Changes in QTc associated with a rapid bolus dose of dexmedetomidine in patients receiving TIVA: a retrospective study

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Clinical indications for the perioperative use of dexmedetomidine in pediatric anesthesia are accumulating. However, in 2013, dexmedetomidine was added to the list of medications with possible risk of prolonging the QT interval and/or inducing Torsades de Pointes. Unfortunately, current evidence for dexmedetomidine-induced QT prolongation is sparse and somewhat contradictory.


The purpose of this study was to evaluate temporal changes in corrected QT interval (QTc) after a rapid bolus administration of dexmedetomidine under total intravenous anesthesia (TIVA) with a standardized propofol and remifentanil administration.


Electrocardiography (ECG) and corresponding trend data were extracted from automated electronic data capture of physiological monitoring. Ten-second epochs of ECG data were extracted in 1-min intervals for 12 min, starting 1 min before dexmedetomidine bolus administration, and ending 10 min after. QT intervals were extracted using an automated routine in MATLAB, and corrected for heart rate (HR) using Bazett's (QTcB) and Fridericia's formulas (QTcF). QTcB and QTcF were compared using Wilcoxon signed-rank test between baseline measurements and the subsequent four interval values.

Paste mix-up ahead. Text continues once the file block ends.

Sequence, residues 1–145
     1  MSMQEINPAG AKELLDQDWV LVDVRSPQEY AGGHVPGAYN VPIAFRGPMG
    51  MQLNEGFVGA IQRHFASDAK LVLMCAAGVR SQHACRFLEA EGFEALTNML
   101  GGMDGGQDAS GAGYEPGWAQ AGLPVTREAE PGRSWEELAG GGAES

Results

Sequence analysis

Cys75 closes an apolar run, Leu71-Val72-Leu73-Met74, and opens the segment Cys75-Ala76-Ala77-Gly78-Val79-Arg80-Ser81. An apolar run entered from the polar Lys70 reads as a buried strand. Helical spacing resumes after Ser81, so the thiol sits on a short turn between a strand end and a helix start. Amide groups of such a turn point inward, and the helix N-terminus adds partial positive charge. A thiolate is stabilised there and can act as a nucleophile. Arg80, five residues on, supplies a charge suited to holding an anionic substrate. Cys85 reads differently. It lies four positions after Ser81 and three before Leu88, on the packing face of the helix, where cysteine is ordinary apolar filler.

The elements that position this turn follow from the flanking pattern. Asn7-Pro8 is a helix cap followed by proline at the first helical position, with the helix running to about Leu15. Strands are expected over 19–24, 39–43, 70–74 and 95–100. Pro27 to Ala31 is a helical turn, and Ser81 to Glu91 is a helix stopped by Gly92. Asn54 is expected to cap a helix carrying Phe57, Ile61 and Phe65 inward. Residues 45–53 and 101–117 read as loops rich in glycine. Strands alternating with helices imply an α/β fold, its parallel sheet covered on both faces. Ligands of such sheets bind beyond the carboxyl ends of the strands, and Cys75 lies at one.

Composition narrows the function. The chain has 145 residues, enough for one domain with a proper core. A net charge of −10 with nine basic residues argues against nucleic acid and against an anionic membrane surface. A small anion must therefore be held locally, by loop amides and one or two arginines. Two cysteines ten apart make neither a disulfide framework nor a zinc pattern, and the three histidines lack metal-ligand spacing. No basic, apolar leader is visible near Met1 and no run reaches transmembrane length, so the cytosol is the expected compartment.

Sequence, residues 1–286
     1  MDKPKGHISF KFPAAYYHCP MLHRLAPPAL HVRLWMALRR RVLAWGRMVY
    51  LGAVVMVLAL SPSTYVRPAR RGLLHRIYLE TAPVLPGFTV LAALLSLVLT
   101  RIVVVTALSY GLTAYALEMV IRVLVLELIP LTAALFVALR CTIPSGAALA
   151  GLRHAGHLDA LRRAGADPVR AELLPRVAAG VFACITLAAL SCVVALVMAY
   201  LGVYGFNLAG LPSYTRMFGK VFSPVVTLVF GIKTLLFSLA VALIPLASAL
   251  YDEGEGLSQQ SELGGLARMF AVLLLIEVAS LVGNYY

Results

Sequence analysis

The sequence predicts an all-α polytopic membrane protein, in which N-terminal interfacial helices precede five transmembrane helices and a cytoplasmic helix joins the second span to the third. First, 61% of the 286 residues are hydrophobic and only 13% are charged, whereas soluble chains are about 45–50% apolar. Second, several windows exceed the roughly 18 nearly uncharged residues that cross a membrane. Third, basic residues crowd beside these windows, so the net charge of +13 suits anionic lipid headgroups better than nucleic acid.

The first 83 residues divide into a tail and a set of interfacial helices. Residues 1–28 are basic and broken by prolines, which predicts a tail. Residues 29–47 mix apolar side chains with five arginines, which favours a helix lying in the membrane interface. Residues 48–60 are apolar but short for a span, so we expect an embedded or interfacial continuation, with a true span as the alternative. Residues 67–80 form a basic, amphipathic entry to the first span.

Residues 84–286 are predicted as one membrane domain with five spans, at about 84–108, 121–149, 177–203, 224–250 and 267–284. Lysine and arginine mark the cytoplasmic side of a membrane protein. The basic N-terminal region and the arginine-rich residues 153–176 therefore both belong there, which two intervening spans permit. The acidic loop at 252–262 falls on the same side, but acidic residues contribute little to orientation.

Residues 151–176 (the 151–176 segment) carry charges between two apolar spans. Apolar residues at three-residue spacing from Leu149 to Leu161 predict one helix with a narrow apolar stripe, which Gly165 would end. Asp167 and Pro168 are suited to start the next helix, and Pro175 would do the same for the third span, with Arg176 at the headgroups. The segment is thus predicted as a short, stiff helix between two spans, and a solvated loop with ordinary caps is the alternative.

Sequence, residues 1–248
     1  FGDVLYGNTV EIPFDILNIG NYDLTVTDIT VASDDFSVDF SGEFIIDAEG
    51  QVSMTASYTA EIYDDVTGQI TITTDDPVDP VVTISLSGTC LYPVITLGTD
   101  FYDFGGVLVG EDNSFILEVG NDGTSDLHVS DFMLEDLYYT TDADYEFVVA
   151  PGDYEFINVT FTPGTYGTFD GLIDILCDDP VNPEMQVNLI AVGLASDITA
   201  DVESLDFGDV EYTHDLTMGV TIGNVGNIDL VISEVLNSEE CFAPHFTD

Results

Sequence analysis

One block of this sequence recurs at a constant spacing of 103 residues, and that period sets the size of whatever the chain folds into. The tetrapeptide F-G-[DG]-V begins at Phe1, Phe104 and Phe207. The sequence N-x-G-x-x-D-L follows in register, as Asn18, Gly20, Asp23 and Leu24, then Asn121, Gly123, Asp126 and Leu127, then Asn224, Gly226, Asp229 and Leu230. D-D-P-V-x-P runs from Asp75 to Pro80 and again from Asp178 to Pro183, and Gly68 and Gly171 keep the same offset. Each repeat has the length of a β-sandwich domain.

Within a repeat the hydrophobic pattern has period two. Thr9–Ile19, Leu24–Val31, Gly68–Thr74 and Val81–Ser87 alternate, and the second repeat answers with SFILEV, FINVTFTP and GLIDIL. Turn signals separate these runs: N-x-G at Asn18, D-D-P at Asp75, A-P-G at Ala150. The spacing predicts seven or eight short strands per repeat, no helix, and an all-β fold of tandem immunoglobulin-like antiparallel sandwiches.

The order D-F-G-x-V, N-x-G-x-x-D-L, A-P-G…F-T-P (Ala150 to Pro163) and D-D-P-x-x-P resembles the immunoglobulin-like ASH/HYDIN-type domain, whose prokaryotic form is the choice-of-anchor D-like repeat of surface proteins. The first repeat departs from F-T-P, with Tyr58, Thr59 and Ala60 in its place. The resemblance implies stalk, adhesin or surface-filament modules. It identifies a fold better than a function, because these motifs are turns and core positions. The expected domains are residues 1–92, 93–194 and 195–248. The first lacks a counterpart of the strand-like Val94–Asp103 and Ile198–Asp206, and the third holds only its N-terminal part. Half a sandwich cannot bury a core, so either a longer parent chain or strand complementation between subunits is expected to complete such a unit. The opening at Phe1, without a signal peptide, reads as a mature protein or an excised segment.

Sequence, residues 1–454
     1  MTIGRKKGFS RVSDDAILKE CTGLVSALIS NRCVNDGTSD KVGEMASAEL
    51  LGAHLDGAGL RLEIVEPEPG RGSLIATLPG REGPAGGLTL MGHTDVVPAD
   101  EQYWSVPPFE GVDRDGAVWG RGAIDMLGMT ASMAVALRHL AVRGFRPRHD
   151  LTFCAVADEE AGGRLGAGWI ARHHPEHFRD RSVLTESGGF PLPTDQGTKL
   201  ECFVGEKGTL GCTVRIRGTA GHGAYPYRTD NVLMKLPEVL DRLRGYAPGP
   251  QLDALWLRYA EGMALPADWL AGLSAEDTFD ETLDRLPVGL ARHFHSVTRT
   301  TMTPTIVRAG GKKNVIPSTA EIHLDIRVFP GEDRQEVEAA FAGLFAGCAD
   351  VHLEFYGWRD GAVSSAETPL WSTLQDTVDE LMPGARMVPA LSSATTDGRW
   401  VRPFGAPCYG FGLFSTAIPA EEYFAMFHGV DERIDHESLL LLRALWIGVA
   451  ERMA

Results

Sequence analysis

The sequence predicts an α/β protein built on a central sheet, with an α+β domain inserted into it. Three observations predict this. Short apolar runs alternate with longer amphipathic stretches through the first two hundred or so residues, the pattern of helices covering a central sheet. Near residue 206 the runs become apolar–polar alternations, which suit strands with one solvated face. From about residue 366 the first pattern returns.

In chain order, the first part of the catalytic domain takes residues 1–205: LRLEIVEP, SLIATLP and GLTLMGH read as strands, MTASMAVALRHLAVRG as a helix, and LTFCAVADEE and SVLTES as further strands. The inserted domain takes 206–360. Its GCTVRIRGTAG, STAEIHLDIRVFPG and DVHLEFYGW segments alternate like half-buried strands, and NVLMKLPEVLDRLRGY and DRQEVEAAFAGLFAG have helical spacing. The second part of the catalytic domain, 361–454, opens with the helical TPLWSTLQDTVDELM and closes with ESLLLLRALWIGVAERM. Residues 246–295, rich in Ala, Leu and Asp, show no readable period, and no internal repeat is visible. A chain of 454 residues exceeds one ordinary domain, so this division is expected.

Data from 21 subjects (17 male) with median (range) age 7.1 (5.4–9.5) yr, weight 23.6 (16.2–36.7) kg, and height 121 (103–140) cm were analyzed. Bolus administration of dexmedetomidine reduced HR in all subjects (median 22%), and caused transient reduction of QT interval, with its peak at 1-min postbolus administration: QTcB (median reduction 30.7 ms, P < 0.001) or QTcF (median reduction 15.4 ms, P = 0.001); QT shortening became statistically insignificant 4 min following dexmedetomidine bolus administration for QTcB and 2 min for QTcF.


In this study, a rapid bolus of dexmedetomidine transiently shortened corrected QT intervals. However, these effects are confounded by dexmedetomidine-induced bradycardia. These findings should be confirmed in pediatric studies without concomitant TIVA administration and with optimized correction of baseline HR.

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